On the Doorposts of My House

About an hour ago Warren Jeffs was convicted and sentenced to life in prison for his crimes. While I don’t always read the comments posted on news stories such as this, I found myself reading the ones posted on the NPR news story about the conviction, and I am appalled.

Let me be clear. What Warren Jeffs was convicted of is horrific. There is absolutely no excuse for the molestation, rape, or abuse of children.

But the comments I’ve been reading are horrific as well – calls for the gang rape of Warren Jeffs, prayers for someone to sodomize and kill him, jokes about how he will find “new wives” in prison. When did we become so blood thirsty? When did we become so cruel?

What Jeffs did was terrible, and I am not asking his victims to forgive him. Forgiveness is earned,if it ever comes. What I am asking is why we, as a people, are so blood thirsty. No matter the crime – no one deserves to be raped. No matter the crime – no one deserves to be brutalized.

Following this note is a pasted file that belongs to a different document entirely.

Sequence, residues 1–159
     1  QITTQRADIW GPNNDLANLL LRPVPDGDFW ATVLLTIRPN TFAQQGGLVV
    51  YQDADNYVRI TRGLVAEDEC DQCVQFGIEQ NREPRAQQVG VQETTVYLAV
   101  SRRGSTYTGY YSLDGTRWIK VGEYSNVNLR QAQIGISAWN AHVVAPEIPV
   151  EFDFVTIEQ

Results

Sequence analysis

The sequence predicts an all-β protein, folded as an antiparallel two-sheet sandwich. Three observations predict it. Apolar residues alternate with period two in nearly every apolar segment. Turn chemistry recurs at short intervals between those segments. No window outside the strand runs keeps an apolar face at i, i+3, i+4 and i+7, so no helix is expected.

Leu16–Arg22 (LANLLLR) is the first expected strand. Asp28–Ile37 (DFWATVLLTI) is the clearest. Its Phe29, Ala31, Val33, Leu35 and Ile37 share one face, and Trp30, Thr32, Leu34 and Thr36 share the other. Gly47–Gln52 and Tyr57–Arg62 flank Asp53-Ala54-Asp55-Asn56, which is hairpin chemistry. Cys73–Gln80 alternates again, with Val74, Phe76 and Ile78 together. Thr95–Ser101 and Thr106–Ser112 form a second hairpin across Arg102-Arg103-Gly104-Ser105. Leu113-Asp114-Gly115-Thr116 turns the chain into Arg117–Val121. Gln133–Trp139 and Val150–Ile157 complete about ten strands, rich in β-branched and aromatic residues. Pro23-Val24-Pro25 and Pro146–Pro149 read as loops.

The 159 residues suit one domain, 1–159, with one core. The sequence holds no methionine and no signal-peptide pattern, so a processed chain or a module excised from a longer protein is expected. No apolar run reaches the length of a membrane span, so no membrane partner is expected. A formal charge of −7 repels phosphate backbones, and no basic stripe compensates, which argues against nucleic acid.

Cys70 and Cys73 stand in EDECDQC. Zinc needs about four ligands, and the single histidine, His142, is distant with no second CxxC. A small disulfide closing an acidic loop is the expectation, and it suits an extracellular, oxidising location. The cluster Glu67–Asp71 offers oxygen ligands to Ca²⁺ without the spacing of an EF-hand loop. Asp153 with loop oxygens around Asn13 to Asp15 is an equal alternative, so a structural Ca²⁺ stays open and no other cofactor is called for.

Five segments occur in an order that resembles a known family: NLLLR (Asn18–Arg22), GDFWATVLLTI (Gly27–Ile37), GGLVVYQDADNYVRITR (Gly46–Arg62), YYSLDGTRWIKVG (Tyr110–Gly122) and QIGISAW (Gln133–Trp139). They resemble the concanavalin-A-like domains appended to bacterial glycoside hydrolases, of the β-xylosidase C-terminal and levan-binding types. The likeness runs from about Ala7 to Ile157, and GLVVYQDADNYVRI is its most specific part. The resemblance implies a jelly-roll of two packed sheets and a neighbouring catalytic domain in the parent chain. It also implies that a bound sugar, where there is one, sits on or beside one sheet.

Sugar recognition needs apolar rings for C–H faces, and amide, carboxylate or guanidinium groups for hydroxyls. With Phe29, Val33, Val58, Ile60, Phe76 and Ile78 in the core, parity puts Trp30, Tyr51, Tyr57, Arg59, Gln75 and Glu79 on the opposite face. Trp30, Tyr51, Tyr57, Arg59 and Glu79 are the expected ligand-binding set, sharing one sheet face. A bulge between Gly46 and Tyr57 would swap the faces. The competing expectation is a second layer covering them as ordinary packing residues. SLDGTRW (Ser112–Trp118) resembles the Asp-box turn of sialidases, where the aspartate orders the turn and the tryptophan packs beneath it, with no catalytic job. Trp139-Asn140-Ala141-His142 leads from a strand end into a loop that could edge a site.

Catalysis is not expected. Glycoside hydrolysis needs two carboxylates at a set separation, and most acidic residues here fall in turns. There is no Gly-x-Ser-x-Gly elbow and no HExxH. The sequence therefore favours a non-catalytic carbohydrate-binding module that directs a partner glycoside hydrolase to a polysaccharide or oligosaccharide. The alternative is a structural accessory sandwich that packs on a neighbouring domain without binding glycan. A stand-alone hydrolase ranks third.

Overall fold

Yes, the God of Torah is a God of justice and punishment and anger. But Adonai is also “the LORD, the LORD, the compassionate and gracious God, slow to anger, abounding in love and faithfulness, maintaining love to thousands, and forgiving wickedness, rebellion and sin » (Exodus 34:6-7).

We are called to compassion. We are called to forgiveness. Warren Jeffs is a man who is sick, who is wounded, and who deserves our compassion as he pays for his crimes. Rather than praying for his abuse and torture, we should be praying that he finds awareness of the pain he has caused, peace with his God, and the strength to live with what he has done. I have to believe that Jewish, Christian, Muslim, Buddhist, agnostic, atheist – no matter the faith or lack of faith you come from – the call of humanity is forgiveness and compassion. It’s what makes us human. Punishment and forgiveness may be between Jeffs,his victims, and his God. But we have in our hands compassion, and, right now, I can’t think of a man who needs it more.

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